This is an observation made by many when they start to shoot in raw after being used to JPEG.
You have to understand that what you see with a raw image is exactly what came off the sensor when you took the picture.
Digital cameras provide all kinds of on board post processing such as noise reduction, sharpening, saturation and contrast settings which are applied to the raw data prior to creating a JPEG image file.
With raw files, none of this is applied so the image you see on the computer is very often flatter and softer than the JPEG would have been or what you saw on the camera itself.
This is another reason for the confusion, most cameras apply the post processing to the image that is shown on the cameras LCD which also leads to disappointment when first seeing a raw file on your computer.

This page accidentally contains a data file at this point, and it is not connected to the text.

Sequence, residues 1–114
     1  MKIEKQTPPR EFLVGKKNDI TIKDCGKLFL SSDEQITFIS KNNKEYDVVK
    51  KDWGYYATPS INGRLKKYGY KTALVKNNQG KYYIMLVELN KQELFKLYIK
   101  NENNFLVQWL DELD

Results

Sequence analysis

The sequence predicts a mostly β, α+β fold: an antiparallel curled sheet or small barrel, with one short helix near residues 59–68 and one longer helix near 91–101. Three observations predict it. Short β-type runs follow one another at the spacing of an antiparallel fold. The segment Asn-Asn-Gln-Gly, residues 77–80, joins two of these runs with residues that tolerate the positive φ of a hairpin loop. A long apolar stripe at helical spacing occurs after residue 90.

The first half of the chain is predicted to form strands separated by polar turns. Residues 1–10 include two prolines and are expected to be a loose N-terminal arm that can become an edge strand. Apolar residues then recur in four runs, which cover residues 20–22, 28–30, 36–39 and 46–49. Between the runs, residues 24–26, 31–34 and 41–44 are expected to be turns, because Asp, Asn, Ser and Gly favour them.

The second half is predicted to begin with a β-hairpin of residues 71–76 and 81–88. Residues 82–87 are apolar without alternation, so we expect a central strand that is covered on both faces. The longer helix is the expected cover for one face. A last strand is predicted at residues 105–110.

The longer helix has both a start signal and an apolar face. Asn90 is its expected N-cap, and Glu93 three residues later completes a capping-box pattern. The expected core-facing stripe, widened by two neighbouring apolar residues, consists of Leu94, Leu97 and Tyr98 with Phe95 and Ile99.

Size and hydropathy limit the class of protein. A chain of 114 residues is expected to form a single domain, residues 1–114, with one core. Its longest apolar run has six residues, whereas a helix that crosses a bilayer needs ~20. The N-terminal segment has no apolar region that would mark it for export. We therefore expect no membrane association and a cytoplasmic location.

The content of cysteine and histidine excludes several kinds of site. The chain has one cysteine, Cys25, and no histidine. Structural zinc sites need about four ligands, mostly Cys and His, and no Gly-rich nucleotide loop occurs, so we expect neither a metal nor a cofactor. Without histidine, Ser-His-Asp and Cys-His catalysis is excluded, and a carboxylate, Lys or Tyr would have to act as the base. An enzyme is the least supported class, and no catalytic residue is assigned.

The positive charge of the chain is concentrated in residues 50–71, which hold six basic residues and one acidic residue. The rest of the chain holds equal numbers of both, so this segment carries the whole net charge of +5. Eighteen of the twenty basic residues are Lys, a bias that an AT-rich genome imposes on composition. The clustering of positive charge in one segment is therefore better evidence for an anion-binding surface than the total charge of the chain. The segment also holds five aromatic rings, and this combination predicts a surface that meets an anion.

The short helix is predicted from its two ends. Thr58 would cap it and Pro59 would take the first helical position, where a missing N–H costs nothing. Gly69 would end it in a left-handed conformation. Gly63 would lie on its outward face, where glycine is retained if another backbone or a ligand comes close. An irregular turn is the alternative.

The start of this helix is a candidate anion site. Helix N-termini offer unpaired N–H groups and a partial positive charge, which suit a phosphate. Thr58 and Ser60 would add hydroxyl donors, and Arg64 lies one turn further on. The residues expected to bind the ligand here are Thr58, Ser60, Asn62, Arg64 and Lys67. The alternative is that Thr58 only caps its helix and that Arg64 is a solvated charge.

Raw is provided as a format because it captures every piece of data coming from the sensor in order for you to apply your own post processing on your computer in order to get the best final result. This means that to get the contrasty sometimes over saturated results often seen with JPEG output, especially from entry level DSLRs, requires you replicate the in camera image processing settings on your computer in the raw processing software.
This is the beauty of raw, it allows the most post processing possibilities but does require almost every image to have some work put into it.
Filters in front of the camera will affect the raw output because they change the light falling on the sensor so a polarizing filter will change the output.